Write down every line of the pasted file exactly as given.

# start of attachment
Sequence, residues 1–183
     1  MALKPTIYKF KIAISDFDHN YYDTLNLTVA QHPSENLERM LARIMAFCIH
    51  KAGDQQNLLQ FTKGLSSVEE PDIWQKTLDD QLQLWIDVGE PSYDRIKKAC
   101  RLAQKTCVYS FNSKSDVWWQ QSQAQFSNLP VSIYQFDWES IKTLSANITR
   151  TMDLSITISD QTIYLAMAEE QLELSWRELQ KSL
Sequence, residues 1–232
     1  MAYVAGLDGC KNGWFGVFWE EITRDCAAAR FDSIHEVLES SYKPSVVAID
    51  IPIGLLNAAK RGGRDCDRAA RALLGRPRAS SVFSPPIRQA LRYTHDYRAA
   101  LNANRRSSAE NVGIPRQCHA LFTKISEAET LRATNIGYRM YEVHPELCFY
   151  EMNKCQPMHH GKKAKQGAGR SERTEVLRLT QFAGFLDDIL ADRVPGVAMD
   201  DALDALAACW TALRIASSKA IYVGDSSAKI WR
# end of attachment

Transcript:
Sequence, residues 1–183
     1  MALKPTIYKF KIAISDFDHN YYDTLNLTVA QHPSENLERM LARIMAFCIH
    51  KAGDQQNLLQ FTKGLSSVEE PDIWQKTLDD QLQLWIDVGE PSYDRIKKAC
   101  RLAQKTCVYS FNSKSDVWWQ QSQAQFSNLP VSIYQFDWES IKTLSANITR
   151  TMDLSITISD QTIYLAMAEE QLELSWRELQ KSL
Sequence, residues 1–232
     1  MAYVAGLDGC KNGWFGVFWE EITRDCAAAR FDSIHEVLES SYKPSVVAID
    51  IPIGLLNAAK RGGRDCDRAA RALLGRPRAS SVFSPPIRQA LRYTHDYRAA
   101  LNANRRSSAE NVGIPRQCHA LFTKISEAET LRATNIGYRM YEVHPELCFY
   151  EMNKCQPMHH GKKAKQGAGR SERTEVLRLT QFAGFLDDIL ADRVPGVAMD
   201  DALDALAACW TALRIASSKA IYVGDSSAKI WR